Educator Book Reviews

Educator Review: Picture Me

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Picture Me
Written by Lori Weber
Published by Lorimer
Category: Junior/Teen Novel

Reviewed by Lorena Duran, Teacher Librarian
School District 40, New Westminster, BC

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Picture Me is told from the points of view of three girls, Krista, the victim, Chelsea, the bully, and Tessa, the bystander. Krista is a smart, shy girl who moves to a new school where she is soon bullied. One day, she finds a photo taped to her locker. Chelsea has used Photoshop to make Krista look like a monster complete with a hateful caption. Krista has learned to detach herself emotionally, but Tessa wrestles Chelsea to the floor. This is the tipping point for Krista, who decides to stop going to school and develops an eating disorder. Although Picture Me is devoted to the lives of girls, the book is an easy read with a universal plotline that makes this story suitable for a wide audience.

The violence portrayed in this book is emotional and physical. All three girls have suffered traumatic events that led them to become a bully, be bullied, or be a defender. Krista is overweight because her family doesn’t provide a model for healthy eating. Chelsea is a complex character who has a tough exterior yet is vulnerable to predatory males. Since she lacks a role model at home, Chelsea fixates on sexy superstars and builds her self-esteem by enhancing her physical appearance. Although Tessa is strong and resilient, she has her own issues dealing with her father’s death in Afghanistan.

The universal themes of interpersonal relationships, socioeconomic status, gender roles, and bullying make it a good fit across the curriculum. All of the characters in this novel face significant socioeconomic and emotional challenges in their lives, including the parents. The reader can feel empathy for protagonists and antagonists alike and is left with a sense of compassion and understanding for others. The message is that the bully is not inherently cruel; instead, we need to provide girls with messages about positive ways to act and environments that make them feel safe. The novel is also about family relationships focusing on mothers. Krista’s mother is overworked, too tired to provide her daughter with healthy food until Krista experiences a medical crisis. Chelsea’s mother no longer talks to her children, being caught up in her own cycle of poverty and loneliness. Tessa’s mother is a young widow left to raise her two daughters alone.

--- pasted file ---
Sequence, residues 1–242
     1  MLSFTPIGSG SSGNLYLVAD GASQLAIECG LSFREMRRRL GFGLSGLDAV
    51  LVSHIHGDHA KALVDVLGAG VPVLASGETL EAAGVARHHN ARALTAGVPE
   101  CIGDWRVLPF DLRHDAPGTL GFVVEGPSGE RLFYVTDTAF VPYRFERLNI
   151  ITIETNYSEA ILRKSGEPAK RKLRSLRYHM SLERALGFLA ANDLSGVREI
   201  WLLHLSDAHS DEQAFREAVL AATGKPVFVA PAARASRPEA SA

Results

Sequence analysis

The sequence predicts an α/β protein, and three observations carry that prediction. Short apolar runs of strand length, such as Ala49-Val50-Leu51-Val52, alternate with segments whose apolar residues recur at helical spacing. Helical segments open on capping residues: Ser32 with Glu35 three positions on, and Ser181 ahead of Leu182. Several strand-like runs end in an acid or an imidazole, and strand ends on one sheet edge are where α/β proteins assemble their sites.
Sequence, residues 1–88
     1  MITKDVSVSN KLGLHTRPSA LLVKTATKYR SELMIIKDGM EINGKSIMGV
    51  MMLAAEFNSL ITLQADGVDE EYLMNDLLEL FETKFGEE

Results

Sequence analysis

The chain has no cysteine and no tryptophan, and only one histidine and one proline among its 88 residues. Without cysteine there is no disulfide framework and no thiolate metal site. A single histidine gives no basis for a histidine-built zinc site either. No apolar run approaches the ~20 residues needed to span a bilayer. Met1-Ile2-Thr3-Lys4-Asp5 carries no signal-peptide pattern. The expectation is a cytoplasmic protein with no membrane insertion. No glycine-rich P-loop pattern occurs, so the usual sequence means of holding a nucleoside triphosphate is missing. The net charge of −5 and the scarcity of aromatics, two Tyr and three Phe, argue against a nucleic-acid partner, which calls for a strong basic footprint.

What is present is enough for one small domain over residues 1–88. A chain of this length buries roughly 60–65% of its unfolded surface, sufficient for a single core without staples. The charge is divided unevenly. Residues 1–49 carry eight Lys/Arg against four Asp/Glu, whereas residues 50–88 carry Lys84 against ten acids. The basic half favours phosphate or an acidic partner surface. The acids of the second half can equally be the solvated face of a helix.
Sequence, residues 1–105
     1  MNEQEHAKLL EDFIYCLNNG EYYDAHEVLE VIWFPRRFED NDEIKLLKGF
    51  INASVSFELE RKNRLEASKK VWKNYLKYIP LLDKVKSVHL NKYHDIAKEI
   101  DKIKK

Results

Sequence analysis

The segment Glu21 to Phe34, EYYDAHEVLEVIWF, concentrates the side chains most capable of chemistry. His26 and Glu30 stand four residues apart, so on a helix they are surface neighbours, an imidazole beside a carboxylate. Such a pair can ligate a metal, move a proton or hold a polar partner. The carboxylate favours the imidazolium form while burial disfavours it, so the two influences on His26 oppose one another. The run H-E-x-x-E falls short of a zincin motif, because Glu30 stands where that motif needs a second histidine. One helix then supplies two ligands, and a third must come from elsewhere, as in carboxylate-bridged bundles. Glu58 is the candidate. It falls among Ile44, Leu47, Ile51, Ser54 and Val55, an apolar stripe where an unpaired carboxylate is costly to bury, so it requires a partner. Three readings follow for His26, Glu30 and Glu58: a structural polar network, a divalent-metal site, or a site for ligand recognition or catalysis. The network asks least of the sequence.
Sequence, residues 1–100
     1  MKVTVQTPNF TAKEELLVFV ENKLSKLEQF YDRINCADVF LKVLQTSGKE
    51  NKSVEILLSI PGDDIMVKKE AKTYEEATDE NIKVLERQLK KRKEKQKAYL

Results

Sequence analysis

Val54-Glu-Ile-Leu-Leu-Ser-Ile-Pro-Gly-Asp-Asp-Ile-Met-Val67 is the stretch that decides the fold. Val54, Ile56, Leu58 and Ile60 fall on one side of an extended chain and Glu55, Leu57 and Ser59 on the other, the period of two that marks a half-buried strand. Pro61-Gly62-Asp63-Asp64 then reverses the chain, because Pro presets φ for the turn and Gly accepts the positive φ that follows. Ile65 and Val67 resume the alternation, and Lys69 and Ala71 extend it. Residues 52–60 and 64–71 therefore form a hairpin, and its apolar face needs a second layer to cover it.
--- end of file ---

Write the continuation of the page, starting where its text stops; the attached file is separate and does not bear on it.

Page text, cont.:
Whether used as a read aloud in Literature Circles, or for reluctant readers, this engaging, contemporary novel provides rich opportunities for discussions about bullying, friendship, body image, and families. Uncomplicated in structure and length, yet engaging in its subject matter and varying points of view, it would be suitable for grades 7-12.

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